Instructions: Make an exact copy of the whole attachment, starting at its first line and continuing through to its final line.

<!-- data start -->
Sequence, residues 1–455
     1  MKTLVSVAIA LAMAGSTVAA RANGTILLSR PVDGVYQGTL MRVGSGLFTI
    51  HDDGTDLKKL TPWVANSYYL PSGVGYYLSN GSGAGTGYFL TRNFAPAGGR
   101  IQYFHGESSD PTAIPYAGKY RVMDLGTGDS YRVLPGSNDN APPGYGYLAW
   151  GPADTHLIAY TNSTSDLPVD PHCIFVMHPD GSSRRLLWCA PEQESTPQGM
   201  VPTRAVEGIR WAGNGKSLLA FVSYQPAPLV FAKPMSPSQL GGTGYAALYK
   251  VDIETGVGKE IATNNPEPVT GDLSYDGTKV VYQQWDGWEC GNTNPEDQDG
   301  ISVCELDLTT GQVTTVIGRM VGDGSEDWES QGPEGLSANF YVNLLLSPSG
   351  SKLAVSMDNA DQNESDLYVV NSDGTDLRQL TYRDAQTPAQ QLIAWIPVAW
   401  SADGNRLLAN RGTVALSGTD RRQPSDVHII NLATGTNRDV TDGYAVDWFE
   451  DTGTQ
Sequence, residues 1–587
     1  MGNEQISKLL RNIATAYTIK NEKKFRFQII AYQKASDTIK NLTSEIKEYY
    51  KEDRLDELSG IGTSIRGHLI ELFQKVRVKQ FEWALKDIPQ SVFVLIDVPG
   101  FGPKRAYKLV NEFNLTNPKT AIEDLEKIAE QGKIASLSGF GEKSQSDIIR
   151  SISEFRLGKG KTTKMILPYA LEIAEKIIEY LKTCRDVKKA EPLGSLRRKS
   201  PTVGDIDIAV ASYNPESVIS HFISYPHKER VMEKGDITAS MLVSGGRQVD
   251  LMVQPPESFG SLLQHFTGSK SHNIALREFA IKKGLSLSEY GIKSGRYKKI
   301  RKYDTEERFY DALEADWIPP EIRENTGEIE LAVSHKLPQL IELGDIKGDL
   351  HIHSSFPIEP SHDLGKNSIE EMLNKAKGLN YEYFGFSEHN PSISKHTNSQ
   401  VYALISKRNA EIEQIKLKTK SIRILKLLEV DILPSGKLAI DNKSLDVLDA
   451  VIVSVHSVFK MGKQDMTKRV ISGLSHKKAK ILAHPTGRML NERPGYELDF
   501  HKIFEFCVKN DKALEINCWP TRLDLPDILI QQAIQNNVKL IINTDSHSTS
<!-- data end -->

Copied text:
Sequence, residues 1–455
     1  MKTLVSVAIA LAMAGSTVAA RANGTILLSR PVDGVYQGTL MRVGSGLFTI
    51  HDDGTDLKKL TPWVANSYYL PSGVGYYLSN GSGAGTGYFL TRNFAPAGGR
   101  IQYFHGESSD PTAIPYAGKY RVMDLGTGDS YRVLPGSNDN APPGYGYLAW
   151  GPADTHLIAY TNSTSDLPVD PHCIFVMHPD GSSRRLLWCA PEQESTPQGM
   201  VPTRAVEGIR WAGNGKSLLA FVSYQPAPLV FAKPMSPSQL GGTGYAALYK
   251  VDIETGVGKE IATNNPEPVT GDLSYDGTKV VYQQWDGWEC GNTNPEDQDG
   301  ISVCELDLTT GQVTTVIGRM VGDGSEDWES QGPEGLSANF YVNLLLSPSG
   351  SKLAVSMDNA DQNESDLYVV NSDGTDLRQL TYRDAQTPAQ QLIAWIPVAW
   401  SADGNRLLAN RGTVALSGTD RRQPSDVHII NLATGTNRDV TDGYAVDWFE
   451  DTGTQ
Sequence, residues 1–587
     1  MGNEQISKLL RNIATAYTIK NEKKFRFQII AYQKASDTIK NLTSEIKEYY
    51  KEDRLDELSG IGTSIRGHLI ELFQKVRVKQ FEWALKDIPQ SVFVLIDVPG
   101  FGPKRAYKLV NEFNLTNPKT AIEDLEKIAE QGKIASLSGF GEKSQSDIIR
   151  SISEFRLGKG KTTKMILPYA LEIAEKIIEY LKTCRDVKKA EPLGSLRRKS
   201  PTVGDIDIAV ASYNPESVIS HFISYPHKER VMEKGDITAS MLVSGGRQVD
   251  LMVQPPESFG SLLQHFTGSK SHNIALREFA IKKGLSLSEY GIKSGRYKKI
   301  RKYDTEERFY DALEADWIPP EIRENTGEIE LAVSHKLPQL IELGDIKGDL
   351  HIHSSFPIEP SHDLGKNSIE EMLNKAKGLN YEYFGFSEHN PSISKHTNSQ
   401  VYALISKRNA EIEQIKLKTK SIRILKLLEV DILPSGKLAI DNKSLDVLDA
   451  VIVSVHSVFK MGKQDMTKRV ISGLSHKKAK ILAHPTGRML NERPGYELDF
   501  HKIFEFCVKN DKALEINCWP TRLDLPDILI QQAIQNNVKL IINTDSHSTS